Latvia (Latvian: Latvija) is a country in the Baltic region of Northern Europe. It is bordered to the north by Estonia (343 km), to the south by Lithuania (588 km), to the east by the Russian Federation (276 km), and to the southeast by Belarus (141 km). Across the Baltic Sea to the west lies Sweden. The territory of Latvia covers 64,589 km2 (24,938 sq mi) and it has a temperate seasonal climate.
The Latvians are Baltic people culturally related to the Estonians and Lithuanians, with the Latvian language having many similarities with Lithuanian, but not with the Estonian language (a Finno-Ugric language). Today the Latvian and Lithuanian languages are the only surviving members of the Baltic languages of the Indo-European family. The modern name of Latvia is thought to originate from the ancient Latvian name Latvji, which, like the name of Lithuania, may have originated from the river named Latuva.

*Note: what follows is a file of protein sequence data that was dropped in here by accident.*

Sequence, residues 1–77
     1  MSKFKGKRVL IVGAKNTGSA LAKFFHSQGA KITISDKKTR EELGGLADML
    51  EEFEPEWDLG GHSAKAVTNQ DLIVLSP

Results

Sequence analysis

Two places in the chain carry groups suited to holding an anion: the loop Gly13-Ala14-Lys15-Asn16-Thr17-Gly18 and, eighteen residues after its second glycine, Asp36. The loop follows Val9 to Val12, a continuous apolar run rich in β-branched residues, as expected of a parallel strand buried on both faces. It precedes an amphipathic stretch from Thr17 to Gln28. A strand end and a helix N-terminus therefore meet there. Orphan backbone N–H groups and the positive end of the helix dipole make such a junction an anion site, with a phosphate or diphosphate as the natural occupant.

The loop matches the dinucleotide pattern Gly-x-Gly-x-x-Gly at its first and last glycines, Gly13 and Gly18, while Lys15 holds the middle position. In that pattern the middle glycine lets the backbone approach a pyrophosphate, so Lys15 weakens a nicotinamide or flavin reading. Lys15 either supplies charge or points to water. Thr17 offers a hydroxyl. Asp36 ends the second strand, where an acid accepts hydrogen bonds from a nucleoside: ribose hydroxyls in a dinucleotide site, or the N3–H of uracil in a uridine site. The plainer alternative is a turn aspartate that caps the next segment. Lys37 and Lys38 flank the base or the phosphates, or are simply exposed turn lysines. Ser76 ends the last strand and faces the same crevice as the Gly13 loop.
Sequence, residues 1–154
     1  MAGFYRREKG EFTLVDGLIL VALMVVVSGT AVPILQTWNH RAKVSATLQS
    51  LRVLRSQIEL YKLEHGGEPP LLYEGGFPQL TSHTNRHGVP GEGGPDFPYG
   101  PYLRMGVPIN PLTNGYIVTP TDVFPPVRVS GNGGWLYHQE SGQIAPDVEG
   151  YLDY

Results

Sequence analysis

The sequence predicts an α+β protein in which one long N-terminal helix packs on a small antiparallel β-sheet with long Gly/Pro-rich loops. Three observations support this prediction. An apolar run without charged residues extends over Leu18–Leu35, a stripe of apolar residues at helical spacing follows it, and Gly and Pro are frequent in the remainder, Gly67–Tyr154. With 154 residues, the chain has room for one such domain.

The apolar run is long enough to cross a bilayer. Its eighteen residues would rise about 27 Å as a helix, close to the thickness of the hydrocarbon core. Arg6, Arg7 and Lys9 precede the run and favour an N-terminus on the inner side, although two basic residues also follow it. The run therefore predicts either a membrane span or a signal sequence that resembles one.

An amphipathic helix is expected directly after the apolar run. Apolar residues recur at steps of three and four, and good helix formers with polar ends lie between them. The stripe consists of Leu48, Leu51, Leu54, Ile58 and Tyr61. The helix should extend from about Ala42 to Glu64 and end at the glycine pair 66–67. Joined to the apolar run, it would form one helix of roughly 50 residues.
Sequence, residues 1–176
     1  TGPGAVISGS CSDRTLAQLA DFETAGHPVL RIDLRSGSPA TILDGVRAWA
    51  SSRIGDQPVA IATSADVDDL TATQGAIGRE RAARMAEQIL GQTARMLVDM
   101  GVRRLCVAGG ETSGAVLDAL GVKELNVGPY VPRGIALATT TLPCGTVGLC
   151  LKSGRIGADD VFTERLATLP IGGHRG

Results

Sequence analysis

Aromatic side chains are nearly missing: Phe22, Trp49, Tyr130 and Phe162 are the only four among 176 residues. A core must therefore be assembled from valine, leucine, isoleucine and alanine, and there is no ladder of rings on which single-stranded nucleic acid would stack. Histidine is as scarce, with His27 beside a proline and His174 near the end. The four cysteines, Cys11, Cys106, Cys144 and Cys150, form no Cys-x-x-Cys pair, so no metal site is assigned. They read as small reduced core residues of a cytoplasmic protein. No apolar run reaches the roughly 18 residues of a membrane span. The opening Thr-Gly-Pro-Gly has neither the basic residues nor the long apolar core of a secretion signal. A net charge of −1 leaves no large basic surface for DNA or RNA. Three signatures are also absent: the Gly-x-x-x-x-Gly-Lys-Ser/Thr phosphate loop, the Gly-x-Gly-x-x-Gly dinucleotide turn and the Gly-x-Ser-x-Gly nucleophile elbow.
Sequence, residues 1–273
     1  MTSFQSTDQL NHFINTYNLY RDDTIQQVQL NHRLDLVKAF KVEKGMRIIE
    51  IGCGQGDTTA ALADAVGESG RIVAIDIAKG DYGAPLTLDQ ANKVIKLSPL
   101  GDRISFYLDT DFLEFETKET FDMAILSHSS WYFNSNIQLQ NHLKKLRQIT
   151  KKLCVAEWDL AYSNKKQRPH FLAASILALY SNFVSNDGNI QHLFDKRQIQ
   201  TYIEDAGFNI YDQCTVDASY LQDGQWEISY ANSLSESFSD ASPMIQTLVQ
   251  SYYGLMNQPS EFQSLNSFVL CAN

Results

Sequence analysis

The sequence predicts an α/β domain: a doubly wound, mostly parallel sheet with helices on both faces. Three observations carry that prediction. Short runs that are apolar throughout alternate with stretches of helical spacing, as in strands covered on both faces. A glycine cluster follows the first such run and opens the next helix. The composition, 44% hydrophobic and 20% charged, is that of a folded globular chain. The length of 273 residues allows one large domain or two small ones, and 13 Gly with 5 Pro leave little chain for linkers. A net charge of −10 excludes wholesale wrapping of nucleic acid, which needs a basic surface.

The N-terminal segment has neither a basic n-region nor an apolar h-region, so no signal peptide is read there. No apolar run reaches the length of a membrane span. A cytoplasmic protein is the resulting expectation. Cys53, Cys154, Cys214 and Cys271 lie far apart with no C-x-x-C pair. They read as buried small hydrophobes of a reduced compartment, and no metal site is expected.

The territory of Latvia has been populated since 9000 BC, after the Ice Age glaciers retreated. Around the beginning of the third millennium BC (3000 BC) the proto-Baltic ancestors of the Latvian people settled on the eastern coast of the Baltic Sea. The Balts established trade routes to Rome and Byzantium, trading local amber for precious metals.
By 900 AD, four distinct Baltic tribes inhabited Latvia:
Couronians, Latgallians, Selonians, Semigallians (in Latvian: kurši, latgaļi, sēļi and zemgaļi), as well as the Livonians (lībieši) speaking a Finno-Ugric language.
There are five historical and cultural regions in Latvia. Their borders usually are not explicit definite and in several sources may vary:
Courland, Latgale, Vidzeme, Zemgale, Selonia,
Republican city in Latvia are: 1. Daugavpils, 2. Jekabpils, 3. Jelgava, 4. Jūrmala, 5. Liepāja, 6. Rēzekne, 7. Riga, 8. Valmiera, 9. Ventspils,
- ^ "Data: 3000 BC to 1500 BC". The European Ethnohistory Database. The Ethnohistory Project.
- A History of Rome, M Cary and HH Scullard, p455-457, Macmillan Press, ISBN:0-333-27830-5
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